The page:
By: William Holmes
In a bit of an untraditional move, the PBC decided to broadcast the main card on NBC first and will follow it up with three bouts on the NBC Sports Net portion of the card.
Fight fans had begun to trickle in and fill in the lower bowl section of the Barclays Center in Brooklyn, New York, after a five fight non-televised undercard. The PBC had the same high level of production that was evident in their other shows and it came off very well live.
The first televised fight on network television was between Andy Lee (34-2-1, 24 KOs) and Peter Quillin (31-0-1, 22 KOs) in the middleweight division.
Quillin, who hadn’t fought in nearly a year, was supposed to be challenging Lee for his WBO Middleweight title, but failed to make weight and the co-main event was changed to a non-title bout.
Brooklyn native Peter “Kid Chocolate” Quillin came into the ring first and was met with a surprisingly subdued reaction, while the pride of Ireland Andy Lee came in second and was met with a loud and supportive crowd.
The first round started off as a feel out round, but Quillin scored a knockdown late in the round with a clean straight right hand that Lee seemingly dodged towards. Lee was able to get back to his feet on shaky legs and was able to survive a harrowing end to the first round.
The atmosphere remained tense from the surprise knockdown in the first and featured two good exchanges by Quillin and Lee, with Quillin doing more damage in the first exchange and Lee doing more damage in the second exchange. Lee had clearly recovered from the first round knockdown.
Quillin scored another knockdown in the third round when he landed a right cross after stepping on Lee’s foot, but Lee wasn’t hurt and boxed well for the remainder of the third.
There was a brief break before the start of the fourth round to wipe excessive Vaseline off the face of Quillin, and the crowd was loudly singing at the start off the round, but those songs turned into boos as both boxers appeared to use the fourth round to take a rest.
Most of the middle rounds were close and tough to score, with Lee landing good hard straight left hands and Quillin connecting with his sharp jab and check left hook. The ringside doctor took a hard look at Lee before the start of the seventh round as he had a cut over his left eye, but the fight continued and Lee scored his first knockdown of the night with a hard right hook to Quillin’s jaw. Quillin was on shaky legs as the seventh round came to an end, but was able to survive.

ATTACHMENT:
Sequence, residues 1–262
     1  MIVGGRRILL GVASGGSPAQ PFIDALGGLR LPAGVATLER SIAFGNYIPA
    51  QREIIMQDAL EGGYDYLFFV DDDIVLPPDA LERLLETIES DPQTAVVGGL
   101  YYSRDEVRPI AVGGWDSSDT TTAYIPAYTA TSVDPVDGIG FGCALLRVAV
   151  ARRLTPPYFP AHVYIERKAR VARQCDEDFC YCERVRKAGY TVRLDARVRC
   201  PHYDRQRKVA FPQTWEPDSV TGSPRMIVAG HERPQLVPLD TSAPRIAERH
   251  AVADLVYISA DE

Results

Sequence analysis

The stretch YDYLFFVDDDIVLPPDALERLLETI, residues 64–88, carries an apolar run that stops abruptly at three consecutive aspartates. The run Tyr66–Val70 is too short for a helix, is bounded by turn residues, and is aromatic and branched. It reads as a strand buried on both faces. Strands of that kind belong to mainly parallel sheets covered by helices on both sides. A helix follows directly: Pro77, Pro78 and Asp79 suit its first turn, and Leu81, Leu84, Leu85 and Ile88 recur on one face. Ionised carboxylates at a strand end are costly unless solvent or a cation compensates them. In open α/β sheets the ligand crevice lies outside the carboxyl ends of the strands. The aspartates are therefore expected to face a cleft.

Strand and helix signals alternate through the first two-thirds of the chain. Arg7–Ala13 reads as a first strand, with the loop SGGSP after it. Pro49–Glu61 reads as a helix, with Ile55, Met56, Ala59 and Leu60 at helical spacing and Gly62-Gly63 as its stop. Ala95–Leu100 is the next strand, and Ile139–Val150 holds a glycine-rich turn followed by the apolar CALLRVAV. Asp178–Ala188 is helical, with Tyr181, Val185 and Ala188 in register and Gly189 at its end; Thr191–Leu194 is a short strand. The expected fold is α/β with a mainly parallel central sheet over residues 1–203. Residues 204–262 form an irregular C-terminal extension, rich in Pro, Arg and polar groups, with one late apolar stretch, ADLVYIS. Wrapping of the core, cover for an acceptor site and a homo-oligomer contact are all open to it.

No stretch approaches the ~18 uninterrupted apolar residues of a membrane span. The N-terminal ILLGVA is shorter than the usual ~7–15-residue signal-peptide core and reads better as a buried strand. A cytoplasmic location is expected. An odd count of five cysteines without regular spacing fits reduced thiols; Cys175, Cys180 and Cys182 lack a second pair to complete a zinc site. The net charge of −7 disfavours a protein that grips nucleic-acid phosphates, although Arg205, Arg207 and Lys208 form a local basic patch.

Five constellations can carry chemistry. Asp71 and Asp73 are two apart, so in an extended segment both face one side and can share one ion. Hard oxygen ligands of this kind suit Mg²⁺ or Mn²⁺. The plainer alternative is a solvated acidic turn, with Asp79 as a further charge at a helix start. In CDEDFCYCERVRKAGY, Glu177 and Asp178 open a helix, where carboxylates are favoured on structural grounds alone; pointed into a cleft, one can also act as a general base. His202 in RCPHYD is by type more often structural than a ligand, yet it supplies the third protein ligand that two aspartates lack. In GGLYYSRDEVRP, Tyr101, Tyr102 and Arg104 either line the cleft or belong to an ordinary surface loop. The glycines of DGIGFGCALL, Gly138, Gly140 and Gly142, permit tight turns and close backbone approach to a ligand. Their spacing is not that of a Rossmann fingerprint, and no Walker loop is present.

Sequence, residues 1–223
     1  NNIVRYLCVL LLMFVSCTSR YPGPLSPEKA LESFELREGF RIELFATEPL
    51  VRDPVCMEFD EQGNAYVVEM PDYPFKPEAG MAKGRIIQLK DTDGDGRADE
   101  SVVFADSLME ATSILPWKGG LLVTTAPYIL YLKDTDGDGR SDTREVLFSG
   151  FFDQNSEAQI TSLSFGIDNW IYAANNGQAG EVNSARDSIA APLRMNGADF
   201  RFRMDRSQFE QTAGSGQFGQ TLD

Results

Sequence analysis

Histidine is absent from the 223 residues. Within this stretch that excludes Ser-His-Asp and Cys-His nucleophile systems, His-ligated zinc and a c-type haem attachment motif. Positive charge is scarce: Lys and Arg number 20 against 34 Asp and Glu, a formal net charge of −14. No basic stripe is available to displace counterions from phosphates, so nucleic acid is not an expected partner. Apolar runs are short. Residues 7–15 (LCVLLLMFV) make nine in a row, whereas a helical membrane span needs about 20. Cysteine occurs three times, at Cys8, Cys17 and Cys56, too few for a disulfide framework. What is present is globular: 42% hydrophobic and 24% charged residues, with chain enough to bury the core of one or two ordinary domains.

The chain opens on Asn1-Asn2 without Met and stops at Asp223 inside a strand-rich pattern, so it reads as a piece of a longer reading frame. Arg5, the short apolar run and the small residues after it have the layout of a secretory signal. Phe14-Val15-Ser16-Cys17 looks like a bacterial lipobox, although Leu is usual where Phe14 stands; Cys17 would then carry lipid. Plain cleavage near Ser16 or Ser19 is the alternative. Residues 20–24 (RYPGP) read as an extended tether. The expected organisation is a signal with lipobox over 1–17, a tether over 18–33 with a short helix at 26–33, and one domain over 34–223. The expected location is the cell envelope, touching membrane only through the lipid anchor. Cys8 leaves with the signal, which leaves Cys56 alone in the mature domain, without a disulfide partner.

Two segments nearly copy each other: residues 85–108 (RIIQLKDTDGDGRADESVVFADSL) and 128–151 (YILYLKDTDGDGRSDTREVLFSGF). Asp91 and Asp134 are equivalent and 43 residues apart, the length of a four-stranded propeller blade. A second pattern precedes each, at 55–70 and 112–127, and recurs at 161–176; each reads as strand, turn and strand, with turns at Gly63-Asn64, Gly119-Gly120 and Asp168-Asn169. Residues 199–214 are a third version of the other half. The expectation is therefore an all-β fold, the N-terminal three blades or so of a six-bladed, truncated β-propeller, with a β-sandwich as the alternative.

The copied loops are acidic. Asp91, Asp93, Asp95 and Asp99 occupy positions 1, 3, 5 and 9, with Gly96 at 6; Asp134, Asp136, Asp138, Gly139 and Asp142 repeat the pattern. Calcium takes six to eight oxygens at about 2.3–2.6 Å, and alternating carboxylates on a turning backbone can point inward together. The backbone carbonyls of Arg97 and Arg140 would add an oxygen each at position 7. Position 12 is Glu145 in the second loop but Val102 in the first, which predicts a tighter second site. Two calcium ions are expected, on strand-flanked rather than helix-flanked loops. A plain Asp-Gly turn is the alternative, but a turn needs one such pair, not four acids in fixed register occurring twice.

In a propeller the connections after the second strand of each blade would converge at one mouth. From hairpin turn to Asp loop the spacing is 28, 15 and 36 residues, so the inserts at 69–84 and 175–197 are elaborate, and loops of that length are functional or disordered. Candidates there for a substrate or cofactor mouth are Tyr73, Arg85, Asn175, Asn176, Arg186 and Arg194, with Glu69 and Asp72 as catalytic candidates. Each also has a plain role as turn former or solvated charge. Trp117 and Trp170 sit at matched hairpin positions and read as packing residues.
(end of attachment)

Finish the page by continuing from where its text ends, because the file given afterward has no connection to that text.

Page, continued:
Quillin appeared to be sharper with his counters in the eighth round, but both boxers were clearly very wary of each other’s power . Quillin’s looping left hook was effective in the ninth and tenth round, while Lee was landing the more effective combinations in the final two rounds.
Many of the rounds were close and could have gone either way and the judges felt the same.
The final scores were 113-112 Lee, 113-112 Quillin, and 113-113 for an unsatisfying draw.
The main event of the evening was between Washington D.C. native Lamont Peterson (33-3-1, 17 KOs) and Philadelphia native Danny Garcia (30-0, 17 KOs) at a catch weight of 143 pounds.
Garcia, who had fought several times in Brooklyn before and has drawn well there, had a majority of the crowd supporting him as the fighter introductions were announced.
Peterson, who’s known for having one of the best body attacks in the junior welterweight division, inexplicably turned into a jabber and a runner in the first half of the fight, circling away from Garcia and driving the crowd insane.
Peterson was making Garcia chase him in the first half of the fight and probably gave away a few rounds in the process. Garcia was able to land more punches than Peterson in the first six rounds, and may have won the fight simply by pressing the action. The crowd booed heavily in the first half of the bout.
Peterson was warned for holding behind the head several times in the bout, and his inactivity did not win him over any news fans and probably wasn’t appealing to the judges.
Peterson woke up in the eighth round, when he finally decided to start moving forward and bang to the body and head of Garcia. He finally realized that he could withstand Garcia’s best punches, going toe-to-toe with Garcia and landing the harder punches. His best round of the night was clearly the eighth round, when he had Garcia backing up and hurt.
Peterson rocked Garcia again in the ninth round with a right hook that forced Garcia to hold on. Peterson was able to block most of Garcia’s punches in the ninth and was landing short hooks to the body and head of Garcia.
The final three rounds were all Peterson as he was looking very confident in the ring and at times danced around the flat-footed Garcia. Garcia’s faced was marked up and showed signs of wear and tear, while Peterson’s face looked fresh as a daisy.
Peterson landed some monster shots on Garcia in the final round, but was unable to score a possibly fight-defining late knockdown.
The judges scored this bout 114-114, 115-113, and 115-113, a majority decision for Danny Garcia.
Peterson’s unwillingness to exchange in the first half of the bout clearly cost him a victory he could have earned.